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Want to be creative in your next presentation? Try Pecha Kucha-style!

Pecha Kucha-style presentations involve 20 slides that advance every 20 seconds (automatically). There's no chance for a presenter to dilly dally. It's fast-paced, visual, and the best ones capture the audience's attention.

Pecha Kucha-style presentations involve 20 slides that advance every 20 seconds (automatically). There’s no chance for a presenter to dilly dally. It’s fast-paced, visual, and the best ones capture the audience’s attention.

I wrote about Pecha Kucha-style presentations in the past, but when looking over the agenda for an upcoming retreat for a client recently, I noticed they had Pecha Kucha presentations on the agenda! It’s reignited my interest in the style.

Are you looking to do something a little different with your next presentation? Here are a few Pecha Kucha presentations that can offer some inspiration…  

1. A Pecha Kucha about Pecha Kucha

Though this example is more of a narrated slide presentation than an actual Pecha Kucha-style presentation in front of an audience, I appreciate the speaker’s willingness to use Pecha Kucha in order to present what Pecha Kucha is and how one should approach a Pecha Kucha-style presentation.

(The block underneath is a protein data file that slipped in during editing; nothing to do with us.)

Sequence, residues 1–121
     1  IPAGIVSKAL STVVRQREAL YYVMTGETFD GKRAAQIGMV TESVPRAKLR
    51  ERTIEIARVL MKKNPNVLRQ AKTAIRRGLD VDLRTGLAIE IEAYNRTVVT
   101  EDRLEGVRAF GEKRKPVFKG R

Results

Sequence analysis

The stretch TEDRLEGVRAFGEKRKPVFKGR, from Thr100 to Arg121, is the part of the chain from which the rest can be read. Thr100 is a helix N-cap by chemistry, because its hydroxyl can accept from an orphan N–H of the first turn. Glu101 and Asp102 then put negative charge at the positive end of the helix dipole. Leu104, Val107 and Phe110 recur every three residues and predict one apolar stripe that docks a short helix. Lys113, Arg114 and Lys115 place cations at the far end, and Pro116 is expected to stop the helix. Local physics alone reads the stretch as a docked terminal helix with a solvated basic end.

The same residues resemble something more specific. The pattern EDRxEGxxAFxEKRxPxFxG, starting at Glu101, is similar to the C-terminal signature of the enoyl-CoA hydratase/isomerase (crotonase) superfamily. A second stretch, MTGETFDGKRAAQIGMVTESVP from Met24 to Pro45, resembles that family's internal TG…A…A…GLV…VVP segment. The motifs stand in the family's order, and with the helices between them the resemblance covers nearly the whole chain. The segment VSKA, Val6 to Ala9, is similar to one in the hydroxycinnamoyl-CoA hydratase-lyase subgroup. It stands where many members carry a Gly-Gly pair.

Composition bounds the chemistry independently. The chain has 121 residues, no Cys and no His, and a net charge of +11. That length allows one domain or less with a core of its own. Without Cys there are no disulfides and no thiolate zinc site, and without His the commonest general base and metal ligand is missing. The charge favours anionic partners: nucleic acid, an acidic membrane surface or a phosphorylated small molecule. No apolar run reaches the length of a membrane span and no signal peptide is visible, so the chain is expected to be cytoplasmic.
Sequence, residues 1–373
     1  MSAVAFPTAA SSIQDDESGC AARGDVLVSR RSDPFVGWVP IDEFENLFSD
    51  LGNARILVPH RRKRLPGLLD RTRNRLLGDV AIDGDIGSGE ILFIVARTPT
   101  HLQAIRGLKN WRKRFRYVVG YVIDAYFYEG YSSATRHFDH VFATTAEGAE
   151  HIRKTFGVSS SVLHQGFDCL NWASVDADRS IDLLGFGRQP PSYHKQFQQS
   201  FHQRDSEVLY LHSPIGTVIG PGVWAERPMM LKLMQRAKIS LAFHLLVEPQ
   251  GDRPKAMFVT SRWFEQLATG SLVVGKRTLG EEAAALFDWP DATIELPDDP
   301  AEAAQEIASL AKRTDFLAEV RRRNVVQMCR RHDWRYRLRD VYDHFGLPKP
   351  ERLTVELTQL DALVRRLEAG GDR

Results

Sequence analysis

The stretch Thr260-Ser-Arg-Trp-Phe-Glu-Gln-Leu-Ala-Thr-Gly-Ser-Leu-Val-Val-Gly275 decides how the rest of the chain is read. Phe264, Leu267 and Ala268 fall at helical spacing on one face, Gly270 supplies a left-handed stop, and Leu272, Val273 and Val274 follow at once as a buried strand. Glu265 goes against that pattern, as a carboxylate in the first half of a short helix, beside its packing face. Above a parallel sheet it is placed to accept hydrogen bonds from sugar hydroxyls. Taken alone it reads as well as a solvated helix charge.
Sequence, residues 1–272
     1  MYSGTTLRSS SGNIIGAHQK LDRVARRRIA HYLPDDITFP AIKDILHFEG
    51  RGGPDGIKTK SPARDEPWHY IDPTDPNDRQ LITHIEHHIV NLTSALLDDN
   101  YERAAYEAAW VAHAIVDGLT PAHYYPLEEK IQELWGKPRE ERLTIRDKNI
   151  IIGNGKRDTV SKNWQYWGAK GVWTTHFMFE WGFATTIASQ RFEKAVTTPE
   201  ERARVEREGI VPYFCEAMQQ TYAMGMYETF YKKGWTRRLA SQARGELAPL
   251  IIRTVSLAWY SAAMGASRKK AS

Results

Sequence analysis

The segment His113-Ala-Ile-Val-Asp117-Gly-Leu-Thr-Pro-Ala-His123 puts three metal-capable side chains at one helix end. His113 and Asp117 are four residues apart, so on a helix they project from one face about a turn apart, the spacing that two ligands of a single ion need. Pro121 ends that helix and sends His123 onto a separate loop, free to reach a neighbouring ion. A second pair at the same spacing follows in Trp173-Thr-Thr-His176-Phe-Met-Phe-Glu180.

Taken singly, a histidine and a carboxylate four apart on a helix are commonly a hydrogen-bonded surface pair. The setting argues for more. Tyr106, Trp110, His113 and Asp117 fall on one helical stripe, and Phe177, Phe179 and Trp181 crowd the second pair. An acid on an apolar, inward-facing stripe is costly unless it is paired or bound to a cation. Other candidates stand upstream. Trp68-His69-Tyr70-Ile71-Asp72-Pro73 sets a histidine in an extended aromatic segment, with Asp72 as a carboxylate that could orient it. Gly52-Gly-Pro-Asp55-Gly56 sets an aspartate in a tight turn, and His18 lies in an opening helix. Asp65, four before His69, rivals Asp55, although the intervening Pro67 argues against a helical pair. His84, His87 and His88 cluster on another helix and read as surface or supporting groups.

2. I Want to Look Like that Guy

This particular presentation has no content that’s actually related to presentation skills. It’s just a great example of good storytelling. Stuart MacDonald uses a narrative arc, inserts humor and keeps the audience wanting to learn more.

He doesn’t use graphs or charts or tables to tell his story, just powerful imagery and great organization and flow of his story.

3. A Tale of Two e-Patients

Val Jones’ example of Pecha Kucha is interesting. The visuals aren’t terribly good (neither is the camera work, which doesn’t allow for a great feel of what it was like to be in the audience). However, I’ve attend a lot of medical conferences and the typical presentation is a flurry of information and data thrown at the audience over the course of 7 minutes. In contrast, this example offers 7 minutes of content in the form of one long limerick (using Pecha Kucha rules 20 slides, 20 seconds). E-medicine can offer a variety of benefits and I’m sure there are lots of data and statistics to demonstrate these benefits, but here are two powerful stories that underscore the life-saving value that e-Medicine can offer.

Have you delivered Pecha Kucha-style (or Ignite-style) presentations? I’d love to hear about your experiences in both designing and delivering this type of presentation.

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